1.3.1.4 Romanized Orthography of Geminates. Single character consonants are simply written double when geminated, e.g., bb, dd, nn, šš. Aspirated digraph-consonants have the first letter of the digraph written doubled followed by a single superscript h, e.g., Geminated ejective consonants are likewise written with the initial character doubled followed by a single apostrophe, e.g., Exceptions to this rule exist for the ejective affricates ç, x, and . Because the non-apostrophed forms of these three characters do not correspond to non-ejectivized versions of the apostrophed form, these geminates are written as


1.3.2 Pitch and Tone

Ithkuil is a tone language like Chinese, Vietnamese, and other Southeast Asian languages as well as most of the sub-Saharan African languages and some American Indian languages. This means that pitch or tone of voice is used to convey grammatical information, unlike Western languages which use tone and pitch changes “supra-segmentally” to mark various morpho-semantic features. For example, in English rising intonation of the voice signals a question, while other specific pitch contours signify emphasis, disgust, irony, and other attitudes. Ithkuil marks such features morphologically, i.e., within the words themselves (such as with affixes or variances in mood categories).

There are five tones used in Ithkuil, one of which, mid-low tone, is considered morpho-phonologically neutral. The other four tones are falling, high, broken (i.e., mid to low to mid-low), and rising (i.e., mid-low to mid-high) and are considered functionally significant. Each word carries one significant tone, pronounced beginning with the stressed syllable and continuously carried through any following syllables until the end of the word. Unstressed syllables prior to the stressed syllable have neutral mid-low tone. Therefore, the function of mid-low tone is solely to indicate the start of a new word since any preceding word must end in a tone other than mid-low. Like most tone languages, the tones do not correspond to any exact pitch, but are relative for each individual speaker and utterance. The relative pitch of the tones is illustrated below:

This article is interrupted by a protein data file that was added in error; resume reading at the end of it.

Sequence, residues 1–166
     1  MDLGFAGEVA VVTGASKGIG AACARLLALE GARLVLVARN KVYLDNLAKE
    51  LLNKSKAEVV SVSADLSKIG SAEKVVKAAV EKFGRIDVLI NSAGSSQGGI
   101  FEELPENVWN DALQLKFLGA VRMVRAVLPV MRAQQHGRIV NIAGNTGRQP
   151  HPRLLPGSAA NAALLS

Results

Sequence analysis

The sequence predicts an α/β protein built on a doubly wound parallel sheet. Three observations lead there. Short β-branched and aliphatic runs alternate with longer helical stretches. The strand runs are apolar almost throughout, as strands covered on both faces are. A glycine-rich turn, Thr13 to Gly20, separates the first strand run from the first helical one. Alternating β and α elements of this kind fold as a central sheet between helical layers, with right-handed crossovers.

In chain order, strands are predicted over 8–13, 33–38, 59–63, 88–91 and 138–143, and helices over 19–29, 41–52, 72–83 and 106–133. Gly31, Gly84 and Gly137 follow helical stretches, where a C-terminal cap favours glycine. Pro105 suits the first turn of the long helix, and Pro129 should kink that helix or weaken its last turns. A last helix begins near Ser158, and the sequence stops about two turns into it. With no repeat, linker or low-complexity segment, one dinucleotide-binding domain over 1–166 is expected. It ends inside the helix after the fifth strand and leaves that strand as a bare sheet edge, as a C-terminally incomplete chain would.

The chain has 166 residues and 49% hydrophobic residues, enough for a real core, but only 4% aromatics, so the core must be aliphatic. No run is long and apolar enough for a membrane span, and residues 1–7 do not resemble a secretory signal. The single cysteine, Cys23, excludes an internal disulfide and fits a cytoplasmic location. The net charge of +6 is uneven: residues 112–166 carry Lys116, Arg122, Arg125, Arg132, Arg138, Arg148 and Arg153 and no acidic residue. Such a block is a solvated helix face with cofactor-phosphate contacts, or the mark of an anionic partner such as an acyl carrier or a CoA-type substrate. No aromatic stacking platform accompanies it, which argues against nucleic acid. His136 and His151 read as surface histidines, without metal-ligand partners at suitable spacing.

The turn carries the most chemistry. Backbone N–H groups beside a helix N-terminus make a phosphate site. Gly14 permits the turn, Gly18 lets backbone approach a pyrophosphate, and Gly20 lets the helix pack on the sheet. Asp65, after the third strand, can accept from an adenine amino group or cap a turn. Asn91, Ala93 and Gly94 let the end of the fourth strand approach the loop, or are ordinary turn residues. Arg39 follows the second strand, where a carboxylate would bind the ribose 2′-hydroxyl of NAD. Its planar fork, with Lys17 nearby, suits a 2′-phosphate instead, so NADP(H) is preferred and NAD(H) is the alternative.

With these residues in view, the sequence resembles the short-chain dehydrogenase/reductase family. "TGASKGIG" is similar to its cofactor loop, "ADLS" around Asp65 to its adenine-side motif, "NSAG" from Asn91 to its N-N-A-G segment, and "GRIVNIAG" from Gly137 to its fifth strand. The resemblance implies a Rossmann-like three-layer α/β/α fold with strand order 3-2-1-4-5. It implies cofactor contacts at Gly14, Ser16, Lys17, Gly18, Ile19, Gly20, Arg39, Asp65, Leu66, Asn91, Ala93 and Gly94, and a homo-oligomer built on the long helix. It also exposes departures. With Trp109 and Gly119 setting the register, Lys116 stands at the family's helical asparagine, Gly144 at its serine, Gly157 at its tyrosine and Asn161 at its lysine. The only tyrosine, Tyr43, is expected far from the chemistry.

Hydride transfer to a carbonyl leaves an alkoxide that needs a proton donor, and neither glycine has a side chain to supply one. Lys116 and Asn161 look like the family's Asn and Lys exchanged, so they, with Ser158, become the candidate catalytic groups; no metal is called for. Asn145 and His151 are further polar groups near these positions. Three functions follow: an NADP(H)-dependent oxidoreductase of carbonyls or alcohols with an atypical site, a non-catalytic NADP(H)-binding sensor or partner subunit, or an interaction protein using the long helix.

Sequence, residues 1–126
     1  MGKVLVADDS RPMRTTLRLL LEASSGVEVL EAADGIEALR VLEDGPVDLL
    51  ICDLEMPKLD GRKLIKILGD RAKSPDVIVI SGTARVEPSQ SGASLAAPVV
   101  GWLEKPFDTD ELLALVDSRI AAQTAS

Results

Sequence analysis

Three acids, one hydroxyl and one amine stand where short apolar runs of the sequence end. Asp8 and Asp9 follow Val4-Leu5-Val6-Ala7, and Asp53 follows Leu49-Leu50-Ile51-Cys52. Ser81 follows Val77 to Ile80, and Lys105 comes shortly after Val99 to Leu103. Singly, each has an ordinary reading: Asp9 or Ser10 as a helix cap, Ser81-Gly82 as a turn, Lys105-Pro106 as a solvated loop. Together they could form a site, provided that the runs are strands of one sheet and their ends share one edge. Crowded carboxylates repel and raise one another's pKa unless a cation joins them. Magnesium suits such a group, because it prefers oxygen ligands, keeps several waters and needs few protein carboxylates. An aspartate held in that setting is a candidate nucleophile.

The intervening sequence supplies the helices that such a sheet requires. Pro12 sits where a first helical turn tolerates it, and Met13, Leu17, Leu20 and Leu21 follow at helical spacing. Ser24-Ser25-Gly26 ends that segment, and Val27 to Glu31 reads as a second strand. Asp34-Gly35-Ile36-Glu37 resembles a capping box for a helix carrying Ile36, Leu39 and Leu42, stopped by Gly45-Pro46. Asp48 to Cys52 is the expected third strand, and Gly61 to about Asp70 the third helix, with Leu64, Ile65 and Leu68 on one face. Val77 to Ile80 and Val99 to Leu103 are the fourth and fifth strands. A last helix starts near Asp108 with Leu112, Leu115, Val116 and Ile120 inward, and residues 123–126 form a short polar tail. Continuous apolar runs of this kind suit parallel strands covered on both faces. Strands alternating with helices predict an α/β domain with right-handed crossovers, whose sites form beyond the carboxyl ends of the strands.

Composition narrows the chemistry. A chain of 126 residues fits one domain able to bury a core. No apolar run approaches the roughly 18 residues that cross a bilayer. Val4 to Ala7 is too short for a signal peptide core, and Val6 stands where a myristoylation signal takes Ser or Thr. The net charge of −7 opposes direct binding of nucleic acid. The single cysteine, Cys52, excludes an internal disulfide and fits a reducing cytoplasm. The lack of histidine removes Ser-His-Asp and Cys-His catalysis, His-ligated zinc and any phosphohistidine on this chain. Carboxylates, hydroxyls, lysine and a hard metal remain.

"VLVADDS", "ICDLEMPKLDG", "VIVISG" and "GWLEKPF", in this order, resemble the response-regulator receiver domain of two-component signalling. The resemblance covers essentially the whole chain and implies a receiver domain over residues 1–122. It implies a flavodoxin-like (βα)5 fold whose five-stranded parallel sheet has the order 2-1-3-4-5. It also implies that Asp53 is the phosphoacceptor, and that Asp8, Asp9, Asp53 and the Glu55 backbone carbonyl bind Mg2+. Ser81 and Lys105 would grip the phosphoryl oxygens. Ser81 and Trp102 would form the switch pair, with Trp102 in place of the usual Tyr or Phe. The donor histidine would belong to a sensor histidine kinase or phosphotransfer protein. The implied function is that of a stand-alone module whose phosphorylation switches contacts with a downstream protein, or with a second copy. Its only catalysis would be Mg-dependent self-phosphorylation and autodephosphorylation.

(mid-low)
falling
high
broken
rising

The four significant tones are indicated in the Roman transliteration by small superscript symbols at the end of each word, as follows: falling tone is unmarked, high tone is marked by a superscript hyphen (or macron), broken tone by a superscript backslash, and rising tone by a superscript forward slash. This is illustrated in the example words/sound files below.

[falling tone]
[high tone]
[broken tone]
[rising tone]


1.3.3 Syllabic Stress

Stress normally falls on the penultimate (next-to-last) syllable but can shift to either the ultimate (last) syllable of a word, to the antepenultimate (third-from-last) syllable, and occasionally to the preantepenultimate (fourth-from-last) syllable, as determined by morphological (grammatical) considerations.

When transliterating Ithkuil into Roman characters, the number of vowels in Ithkuil requires the use of diacritics due to the limited number of Roman vowel characters. As a result, the orthographic representation of stress using the system of romanization becomes complicated. It is explained as follows:

1) All monosyllabic words are unmarked for stress.
2) The grave accent ( ` ) designates an unstressed syllable when stress would otherwise be misinterpreted, e.g., in distinguishing monosyllabic diphthongs such as au and ei from dissyllabic vowel conjuncts and.
3) Penultimate stress. Polysyllabic words having penultimate stress are unmarked for stress, except for those containing the dissyllabic phonemes ě or ů as the penultimate syllable, which, if stressed, take an acute accent, e.g., the word iskoůt (stress on the o), if adding the syllable -ma, becomes iskoútma (stress on the u).
4)

Ultimate stress. Polysyllabic words which have ultimate stress indicate this in one of the following ways:

 
  • the unmarked vowels a, e, i, o, u, and the marked disyllabic vowels ě and ů take an acute accent, e.g., á, é, í, ó, ú.
  • if the vowel to be stressed already carries a diacritic mark (other than the grave accent) and the vowel, diphthong, or syllabic liquid or nasal in the penultimate syllable does not, then this penultimate syllable takes a grave accent, e.g., rňihnäl.
  • If the word has at least three syllables and the vowels or diphthongs in the last two syllables carry diacritics, then a grave accent over the antepenultimate (third-from-last) syllable implies ultimate stress (as the grave accent would be unnecessary if the word carried penultimate stress), e.g. ňspätlök.